Raspberry Robin shows that access to the Internet is not necessarily required to infect systems or networks with dangerous malware. The computer worm, initially assessed as harmless, in some places even as a harmless attempt by IT students, has evolved within a few months to become part of an extensive malware ecosystem. This has once again made powerful IT security concepts all the more important. So how can organizations protect themselves from the Raspberry Robin threat?
Endpoints such as laptops, smartphones and workstations are particularly popular targets for cybercriminals. Therefore, it is advisable to protect endpoints with an Endpoint Protection Platform (EPP). EPP solutions block known file-based malware at the point of entry and provide preemptive threat protection using built-in security mechanisms as well as signature-based malware defenses.
However, once malware is successfully placed on the network, timely detection is essential to avoid costly secondary damage. Managed detection and response solutions such as Allgeier secion's Active Cyber Defense Service detect malicious C2 communications early and proactively. For this purpose, customers' systems are monitored around the clock for anomalies and conspicuities in network traffic as a fully managed service. If a compromise is suspected and urgent action is required, the commissioning IT teams are informed immediately. Allgeier secion's Active Cyber Defense (ACD) service acts as an early warning system, involving all systems in a network in the monitoring - from desktops and laptops to tablets, smartphones and IoT devices. The service does not require agents to be installed on clients. If criminals have managed to carry out a cyberattack using Raspberry Robin, having the right course of action and efficient processes in place to handle security incidents appropriately is essential. With Incident Response Readiness, organizations get the best preparation for an emergency. With detailed, tailored policies, processes and the provision of the necessary tools, expensive production downtimes or reputational damage can be minimized or prevented altogether.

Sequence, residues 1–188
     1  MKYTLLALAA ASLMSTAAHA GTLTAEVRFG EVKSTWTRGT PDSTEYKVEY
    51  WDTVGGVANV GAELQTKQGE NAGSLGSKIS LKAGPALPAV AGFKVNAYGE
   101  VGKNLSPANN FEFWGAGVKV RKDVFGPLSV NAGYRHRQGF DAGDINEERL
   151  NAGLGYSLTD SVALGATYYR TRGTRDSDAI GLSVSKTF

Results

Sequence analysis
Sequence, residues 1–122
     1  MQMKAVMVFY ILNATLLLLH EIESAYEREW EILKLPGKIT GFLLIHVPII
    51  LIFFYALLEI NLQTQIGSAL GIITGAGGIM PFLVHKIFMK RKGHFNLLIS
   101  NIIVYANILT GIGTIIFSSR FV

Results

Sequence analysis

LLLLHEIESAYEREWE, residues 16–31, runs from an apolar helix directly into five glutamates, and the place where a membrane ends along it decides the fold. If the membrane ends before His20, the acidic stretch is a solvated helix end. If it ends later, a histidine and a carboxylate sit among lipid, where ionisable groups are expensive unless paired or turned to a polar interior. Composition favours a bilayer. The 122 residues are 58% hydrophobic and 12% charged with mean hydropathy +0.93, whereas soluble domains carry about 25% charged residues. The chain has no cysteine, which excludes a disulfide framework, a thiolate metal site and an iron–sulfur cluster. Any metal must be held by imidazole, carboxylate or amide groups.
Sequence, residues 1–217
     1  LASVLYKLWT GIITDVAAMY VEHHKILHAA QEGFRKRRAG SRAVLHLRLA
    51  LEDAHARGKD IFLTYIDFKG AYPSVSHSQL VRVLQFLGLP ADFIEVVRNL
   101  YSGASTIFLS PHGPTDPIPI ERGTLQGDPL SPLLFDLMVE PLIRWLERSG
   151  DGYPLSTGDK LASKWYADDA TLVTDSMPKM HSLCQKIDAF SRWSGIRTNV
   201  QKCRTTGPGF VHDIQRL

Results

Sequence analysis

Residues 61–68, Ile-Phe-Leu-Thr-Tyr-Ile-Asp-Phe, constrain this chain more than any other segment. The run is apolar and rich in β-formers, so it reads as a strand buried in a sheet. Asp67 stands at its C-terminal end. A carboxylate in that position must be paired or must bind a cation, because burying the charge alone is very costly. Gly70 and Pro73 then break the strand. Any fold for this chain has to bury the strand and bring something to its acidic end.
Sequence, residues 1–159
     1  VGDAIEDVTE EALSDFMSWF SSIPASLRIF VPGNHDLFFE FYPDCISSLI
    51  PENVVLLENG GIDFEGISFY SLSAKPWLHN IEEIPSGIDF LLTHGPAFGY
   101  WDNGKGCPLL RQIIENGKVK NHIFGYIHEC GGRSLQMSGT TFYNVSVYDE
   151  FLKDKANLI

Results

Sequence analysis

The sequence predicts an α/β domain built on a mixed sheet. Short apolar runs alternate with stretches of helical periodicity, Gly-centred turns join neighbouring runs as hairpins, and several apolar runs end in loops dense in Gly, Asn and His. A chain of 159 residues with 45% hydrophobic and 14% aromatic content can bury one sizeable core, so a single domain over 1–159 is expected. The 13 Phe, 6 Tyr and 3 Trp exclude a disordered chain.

Raspberry Robin has evolved from an inconspicuous computer worm to a serious malware in less than half a year. This development shows once again: In the face of increasingly complex cyber threats, companies can no longer rely exclusively on preventive and established IT security measures (such as AV solutions and firewalling), but should supplement methods for attack detection to effectively protect their networks, thus reducing the time-critical gap between "detection" and "response". Allgeier secion's Active Cyber Defense (ACD) service offers such a solution and can be booked as a managed service at an attractive flat monthly service fee.
The commissioning companies do not need their own personnel resources for permanent monitoring and incident detection. ACD is a fully managed service that proactively and continuously analyzes networks for anomalies and thus identifies attackers' communications to their command & control servers (C&Cs). Allgeier secion's security analysts monitor the IT infrastructure around the clock for conspicuous activity and provide immediate information when action is required. ACD is implemented completely as an on-premise solution, with which networks can be actively, proactively and permanently secured. All systems within a network are always monitored - from desktop computers to cell phones and tablets to IoT devices.